Having been a professional investor, it’s hard not to be amused by all the excitement around alternative data, quantitative and factor based investing. They are often cited as radical new technologies that will change the future of investing. Admittedly, at Quantavista Research we contribute to this perspective. But, I’d like to share some inconvenient truths. As they say, what’s old becomes new again. Quantitative investing has been around for decades. Fama and French wrote the first paper that’s very similar to today’s factor investing in 1992. Arguably what’s changed the most is not the innovation, but rather the widespread adoption of these concepts.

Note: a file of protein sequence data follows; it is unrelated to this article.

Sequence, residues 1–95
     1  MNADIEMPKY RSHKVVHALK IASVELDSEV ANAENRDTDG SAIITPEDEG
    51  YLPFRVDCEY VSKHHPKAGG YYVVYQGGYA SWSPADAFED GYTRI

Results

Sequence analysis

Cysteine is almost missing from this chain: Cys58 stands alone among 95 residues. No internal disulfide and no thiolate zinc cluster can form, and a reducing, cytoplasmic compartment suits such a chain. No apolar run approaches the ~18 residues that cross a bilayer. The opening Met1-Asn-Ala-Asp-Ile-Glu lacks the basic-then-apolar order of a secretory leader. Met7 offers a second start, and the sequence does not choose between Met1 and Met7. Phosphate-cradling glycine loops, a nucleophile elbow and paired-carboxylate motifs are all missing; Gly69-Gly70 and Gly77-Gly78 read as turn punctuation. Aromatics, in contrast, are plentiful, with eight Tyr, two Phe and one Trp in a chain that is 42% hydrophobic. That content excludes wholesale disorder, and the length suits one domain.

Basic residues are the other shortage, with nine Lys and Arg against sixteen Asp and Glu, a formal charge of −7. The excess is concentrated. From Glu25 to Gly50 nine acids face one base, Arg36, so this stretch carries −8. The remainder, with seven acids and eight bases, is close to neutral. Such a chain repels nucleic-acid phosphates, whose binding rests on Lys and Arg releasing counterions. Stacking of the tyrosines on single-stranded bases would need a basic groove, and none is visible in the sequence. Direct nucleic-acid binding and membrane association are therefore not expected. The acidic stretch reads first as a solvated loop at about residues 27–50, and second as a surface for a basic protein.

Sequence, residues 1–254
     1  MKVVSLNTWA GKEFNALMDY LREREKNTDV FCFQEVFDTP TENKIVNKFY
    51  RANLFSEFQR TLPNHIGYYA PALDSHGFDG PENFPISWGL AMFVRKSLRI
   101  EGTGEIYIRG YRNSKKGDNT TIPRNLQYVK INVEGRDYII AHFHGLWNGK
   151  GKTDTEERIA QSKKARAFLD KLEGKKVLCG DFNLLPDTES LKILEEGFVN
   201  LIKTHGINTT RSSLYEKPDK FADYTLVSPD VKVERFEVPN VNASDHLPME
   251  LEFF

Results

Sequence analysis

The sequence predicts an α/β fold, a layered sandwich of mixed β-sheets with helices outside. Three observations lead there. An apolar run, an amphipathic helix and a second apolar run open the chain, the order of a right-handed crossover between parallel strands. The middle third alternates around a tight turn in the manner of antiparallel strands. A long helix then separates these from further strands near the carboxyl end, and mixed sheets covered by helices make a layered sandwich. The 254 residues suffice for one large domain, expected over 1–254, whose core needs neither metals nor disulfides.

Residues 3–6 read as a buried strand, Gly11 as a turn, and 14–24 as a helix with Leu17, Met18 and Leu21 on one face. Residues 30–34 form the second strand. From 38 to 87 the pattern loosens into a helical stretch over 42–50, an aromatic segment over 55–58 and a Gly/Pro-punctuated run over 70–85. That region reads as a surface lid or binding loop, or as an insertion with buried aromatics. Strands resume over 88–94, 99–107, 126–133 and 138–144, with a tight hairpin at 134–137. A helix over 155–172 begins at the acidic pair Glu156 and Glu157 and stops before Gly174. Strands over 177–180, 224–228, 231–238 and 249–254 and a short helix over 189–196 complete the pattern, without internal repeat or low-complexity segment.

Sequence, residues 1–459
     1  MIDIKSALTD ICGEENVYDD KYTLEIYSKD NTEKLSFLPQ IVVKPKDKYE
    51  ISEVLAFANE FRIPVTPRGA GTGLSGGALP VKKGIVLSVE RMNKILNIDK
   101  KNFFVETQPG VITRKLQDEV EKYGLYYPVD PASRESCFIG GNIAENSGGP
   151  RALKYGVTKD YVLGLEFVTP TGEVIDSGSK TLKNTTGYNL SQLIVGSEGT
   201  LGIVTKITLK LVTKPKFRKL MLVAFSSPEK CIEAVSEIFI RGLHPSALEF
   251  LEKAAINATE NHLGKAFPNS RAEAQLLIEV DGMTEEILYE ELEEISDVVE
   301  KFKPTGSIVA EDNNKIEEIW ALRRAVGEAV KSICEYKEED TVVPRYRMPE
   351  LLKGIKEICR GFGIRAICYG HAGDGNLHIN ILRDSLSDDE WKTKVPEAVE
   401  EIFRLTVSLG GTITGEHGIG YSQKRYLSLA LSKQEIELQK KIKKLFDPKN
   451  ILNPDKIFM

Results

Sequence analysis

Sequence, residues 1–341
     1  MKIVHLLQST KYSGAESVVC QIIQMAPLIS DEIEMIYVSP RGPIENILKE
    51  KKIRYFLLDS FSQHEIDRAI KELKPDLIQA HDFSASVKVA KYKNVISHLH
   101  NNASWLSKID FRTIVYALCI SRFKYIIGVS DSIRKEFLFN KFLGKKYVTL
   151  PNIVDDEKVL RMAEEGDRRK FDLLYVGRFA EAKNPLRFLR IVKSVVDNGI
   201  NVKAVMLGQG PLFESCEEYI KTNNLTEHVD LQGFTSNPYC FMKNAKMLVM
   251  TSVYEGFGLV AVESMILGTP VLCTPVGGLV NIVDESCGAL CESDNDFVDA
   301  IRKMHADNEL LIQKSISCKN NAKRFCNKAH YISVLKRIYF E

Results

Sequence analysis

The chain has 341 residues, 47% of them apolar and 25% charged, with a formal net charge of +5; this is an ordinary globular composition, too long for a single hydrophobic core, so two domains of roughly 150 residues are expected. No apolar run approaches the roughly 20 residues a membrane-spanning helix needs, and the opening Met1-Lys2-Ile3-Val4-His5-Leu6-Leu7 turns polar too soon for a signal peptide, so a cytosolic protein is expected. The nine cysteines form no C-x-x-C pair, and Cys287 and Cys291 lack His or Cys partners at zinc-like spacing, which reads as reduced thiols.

I’m far from negative on these topics, but I wanted to add balance to the seemingly one sided conversation of these capabilities as investing nirvana. Here are a few observations:
Truth #1: Mainstream Business Media Gets Paid to be Terrible Market Forecasters. PERIOD. Their job is to sell papers/magazines/pageviews/subscriptions, not to make investment recommendations. The editors of the WSJ, FT, Barron’s, CNBC know exactly what they’re doing. People like to buy/read/watch media about topics and subjects they like and already know something about. Mix these two and you realize that editors WANT every front page headline to be the market consensus or only just shy of it. So, when the WSJ dedicates a week of articles in May 2017 to quant investing that helps you gauge where the consensus is at.